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« Reply #15 on: June 30, 2008, 03:21:32 AM »

JDN

Once again I am reminded of the careful consideration that needs to take place to clearly communicate on the net.  I am not sure that I made it clear that I was referring to 2 different situations.  The first was the incident that I witnessed with the woman being beaten.  The second was the OP about the man who was beating a child to death.

The point that you seem to be making in several of your responses is that you have to think things through very carefully if you  find yourself in a situation where something is occurring because there are many hidden dangers to "sticking your nose" into other people's business.  If that is your intention I agree with you.

Many of the postings that I have read concerning real life incidents here often are about the contingency of what you might do if help is not available and you are witness to something very bad happening.  At what point do you choose to act?

With regard to this, if you see someone assaulting someone else, is it "sticking your nose into other people's business to turn around and watch?"  How about saying something , carefully worded to decrease the energy of the situation if you see an escalation?  What are the consequences to even these relatively mild actions?  These are rhetorical questions.  The point being that yeah there can be consequences and its good if you are acting in a way that allows you to avoid stepping into big problems.  But what if something really bad is happening and something needs to be done right here right now?

I think that you are right 100% about potential consequences.  Sometimes interceding can land you in a whole lot of hurt and perhaps even justifiable legal trouble.  So where do you draw the line between interceding and not doing so?  I think that is the point of this whole thread in a way.  That and a bunch of people standing there watching a baby get beaten to death.

In the case of what I witnessed with the couple...the point was that it only took some people focusing on this guy to make him stop. That's all it took. In that mild case people showing an interest stopped some woman from being beaten at least temporarily. That's probably good you know.  Give the guy sometime to cool off, her time to think...that sort of thing.  In the case of the original post (OP), the child attacker seemed to have something serious going on...beyond just a case of being angry.

I still think that you have a point about choosing when to intercede though.  Sometimes things that are not what they seem.

But If you saw a man brutally murdering a child would that be enough to make you act?  What if you were not an adept at fighting?  Would you still act?  What if the only way that you could come up with was really brutal in return?  One of the points of martial arts is to provide the capacity to deliver. Another point is to provide more options.   Correct me if I am wrong but "training" often requires greater responsibility in terms of decisions and escalating level of response than an untrained defender in the courts.  My comment about using a truck and a rope was mildly facetious.  I was thinking what a fellow might do if he wanted to intercede but did not feel capable of physically fighting.   I was kidding in a way...but maybe the real point is that there are creative ways to intercede in such situations.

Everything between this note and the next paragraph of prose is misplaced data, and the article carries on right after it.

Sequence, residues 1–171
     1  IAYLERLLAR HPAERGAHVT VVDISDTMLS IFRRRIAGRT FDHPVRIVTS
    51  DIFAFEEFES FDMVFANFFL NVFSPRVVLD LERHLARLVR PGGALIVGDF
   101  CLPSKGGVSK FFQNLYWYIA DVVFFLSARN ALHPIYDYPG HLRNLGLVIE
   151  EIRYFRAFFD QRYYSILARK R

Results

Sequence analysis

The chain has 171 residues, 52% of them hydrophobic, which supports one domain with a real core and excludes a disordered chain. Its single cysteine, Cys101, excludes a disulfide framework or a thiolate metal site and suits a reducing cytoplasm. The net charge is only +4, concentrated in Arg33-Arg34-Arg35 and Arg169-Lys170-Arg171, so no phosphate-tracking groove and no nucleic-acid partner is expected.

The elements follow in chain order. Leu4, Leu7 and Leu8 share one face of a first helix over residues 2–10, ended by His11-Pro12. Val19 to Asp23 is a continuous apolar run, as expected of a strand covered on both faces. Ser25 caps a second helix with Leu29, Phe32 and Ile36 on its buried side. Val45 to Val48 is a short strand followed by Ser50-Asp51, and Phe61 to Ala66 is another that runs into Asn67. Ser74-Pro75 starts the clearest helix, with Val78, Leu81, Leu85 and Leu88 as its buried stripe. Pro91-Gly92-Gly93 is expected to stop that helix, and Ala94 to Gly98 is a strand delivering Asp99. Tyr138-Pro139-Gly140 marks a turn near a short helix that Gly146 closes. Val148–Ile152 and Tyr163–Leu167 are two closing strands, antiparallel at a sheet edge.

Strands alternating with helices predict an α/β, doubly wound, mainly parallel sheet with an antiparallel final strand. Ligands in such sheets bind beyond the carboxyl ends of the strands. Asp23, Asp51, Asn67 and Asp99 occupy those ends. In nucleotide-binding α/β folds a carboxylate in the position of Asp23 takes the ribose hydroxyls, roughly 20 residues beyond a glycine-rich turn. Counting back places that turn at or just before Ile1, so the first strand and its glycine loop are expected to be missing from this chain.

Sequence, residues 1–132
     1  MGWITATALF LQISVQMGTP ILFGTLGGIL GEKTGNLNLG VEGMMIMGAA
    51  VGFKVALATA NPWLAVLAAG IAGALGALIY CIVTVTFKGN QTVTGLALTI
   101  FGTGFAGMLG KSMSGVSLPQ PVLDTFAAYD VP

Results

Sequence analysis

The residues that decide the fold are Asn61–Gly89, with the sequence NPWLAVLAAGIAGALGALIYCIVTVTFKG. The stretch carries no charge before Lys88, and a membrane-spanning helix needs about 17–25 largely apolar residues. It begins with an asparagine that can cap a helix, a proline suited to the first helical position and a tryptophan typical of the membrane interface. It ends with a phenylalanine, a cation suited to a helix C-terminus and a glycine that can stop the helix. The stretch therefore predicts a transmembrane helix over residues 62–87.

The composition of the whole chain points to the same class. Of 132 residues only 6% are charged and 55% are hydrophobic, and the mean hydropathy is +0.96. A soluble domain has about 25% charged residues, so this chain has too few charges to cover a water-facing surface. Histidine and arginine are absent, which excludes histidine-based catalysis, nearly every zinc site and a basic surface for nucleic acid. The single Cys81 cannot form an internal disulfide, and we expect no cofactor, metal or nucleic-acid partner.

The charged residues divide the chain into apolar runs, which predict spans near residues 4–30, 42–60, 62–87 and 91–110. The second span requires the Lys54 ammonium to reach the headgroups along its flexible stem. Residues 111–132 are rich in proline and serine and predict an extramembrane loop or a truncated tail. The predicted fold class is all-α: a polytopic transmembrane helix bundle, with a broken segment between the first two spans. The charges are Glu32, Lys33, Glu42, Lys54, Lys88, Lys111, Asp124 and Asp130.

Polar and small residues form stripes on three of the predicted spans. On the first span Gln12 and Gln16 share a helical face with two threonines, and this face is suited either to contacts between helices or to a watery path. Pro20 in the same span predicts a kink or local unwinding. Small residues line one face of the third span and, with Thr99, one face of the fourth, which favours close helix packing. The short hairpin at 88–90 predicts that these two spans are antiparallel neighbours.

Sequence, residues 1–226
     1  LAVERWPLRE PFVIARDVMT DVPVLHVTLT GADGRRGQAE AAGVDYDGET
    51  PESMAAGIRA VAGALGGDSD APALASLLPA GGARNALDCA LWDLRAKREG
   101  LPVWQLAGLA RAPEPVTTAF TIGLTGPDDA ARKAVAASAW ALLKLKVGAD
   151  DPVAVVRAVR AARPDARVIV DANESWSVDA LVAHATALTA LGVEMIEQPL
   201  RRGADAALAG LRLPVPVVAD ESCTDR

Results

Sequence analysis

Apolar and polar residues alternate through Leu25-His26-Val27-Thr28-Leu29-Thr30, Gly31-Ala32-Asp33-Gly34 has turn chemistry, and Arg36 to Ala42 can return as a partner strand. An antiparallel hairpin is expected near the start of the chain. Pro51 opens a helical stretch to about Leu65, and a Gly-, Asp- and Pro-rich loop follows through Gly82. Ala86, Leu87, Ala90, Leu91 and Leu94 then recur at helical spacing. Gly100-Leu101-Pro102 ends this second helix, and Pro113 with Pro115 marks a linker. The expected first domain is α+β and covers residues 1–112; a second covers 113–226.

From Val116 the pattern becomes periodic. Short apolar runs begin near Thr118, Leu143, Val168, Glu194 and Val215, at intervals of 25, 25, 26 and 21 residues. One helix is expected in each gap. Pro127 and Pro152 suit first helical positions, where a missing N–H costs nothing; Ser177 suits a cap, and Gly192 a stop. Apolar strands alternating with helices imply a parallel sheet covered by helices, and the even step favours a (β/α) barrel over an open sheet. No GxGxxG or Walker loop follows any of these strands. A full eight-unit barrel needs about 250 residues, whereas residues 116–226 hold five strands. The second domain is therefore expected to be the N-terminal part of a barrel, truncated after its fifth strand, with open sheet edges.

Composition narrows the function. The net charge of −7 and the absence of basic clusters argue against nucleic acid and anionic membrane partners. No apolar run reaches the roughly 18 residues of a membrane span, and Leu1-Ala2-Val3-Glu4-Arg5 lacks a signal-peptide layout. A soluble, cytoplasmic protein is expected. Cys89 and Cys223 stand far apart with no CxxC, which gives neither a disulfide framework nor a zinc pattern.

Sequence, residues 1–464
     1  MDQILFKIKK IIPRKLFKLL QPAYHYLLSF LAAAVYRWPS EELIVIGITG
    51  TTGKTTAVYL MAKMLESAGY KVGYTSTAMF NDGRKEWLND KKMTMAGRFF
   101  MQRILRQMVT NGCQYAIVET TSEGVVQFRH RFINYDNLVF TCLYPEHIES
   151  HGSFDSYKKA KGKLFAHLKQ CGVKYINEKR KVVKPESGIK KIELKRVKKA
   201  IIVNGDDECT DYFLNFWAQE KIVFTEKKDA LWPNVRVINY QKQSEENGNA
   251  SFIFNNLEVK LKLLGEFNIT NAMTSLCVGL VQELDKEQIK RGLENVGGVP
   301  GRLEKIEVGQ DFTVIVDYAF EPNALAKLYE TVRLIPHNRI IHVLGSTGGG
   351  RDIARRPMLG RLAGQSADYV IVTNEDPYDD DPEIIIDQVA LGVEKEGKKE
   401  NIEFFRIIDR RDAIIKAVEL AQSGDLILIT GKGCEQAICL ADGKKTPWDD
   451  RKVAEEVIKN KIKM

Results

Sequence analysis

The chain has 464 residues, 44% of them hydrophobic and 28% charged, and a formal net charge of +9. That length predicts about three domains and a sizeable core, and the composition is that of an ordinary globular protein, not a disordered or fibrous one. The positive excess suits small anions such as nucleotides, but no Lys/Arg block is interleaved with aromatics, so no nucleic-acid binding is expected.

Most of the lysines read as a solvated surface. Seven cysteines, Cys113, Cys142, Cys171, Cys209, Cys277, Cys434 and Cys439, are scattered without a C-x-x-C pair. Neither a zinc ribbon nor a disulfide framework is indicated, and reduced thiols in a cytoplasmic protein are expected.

You know...
John Wayne lassoing the bastard and draggin' em down the street a ways till he cooooled off?  (facetious alert)

 In my work as a wildlife biologist I have had a few occasions to handle bears and other pretty dangerous critters.  The absolutely most sensible way to handle a bear is from as far away as possible, with the bear in a cage or tranquilized.  In my case, I was the one on the ground rolling a tranquilized bear out of the cargo net he had been transported in (conscious but unable to move...his eyes were on me the whole time....rather disconcerting). Handling people in real life situations is the same and more so.  If you can manage things from a distance, in safety from legalities and physical threat and you choose to jump right in there ...yeah thats the kind of thing you end up kicking yourself for later.  But there are also situations that require action are there not?

I also did not make it clear that I was commenting on what someone without training might do but upon the above reflection it is good advice for anyone trained or not trained to  use the safest and most tactically sound approach of handling problems. That only makes sense.

I have not gotten the impression that careless action is espoused on this  forum.

So I was not clear in my earlier post that I was referring in the end  to the original post of the fellow beating the child to death.

I still like the image of dropping a rope over the baby beater, and "draggin em down the street a ways" though.

 cool


Karsk

« Last Edit: June 30, 2008, 03:45:35 AM by Karsk » Logged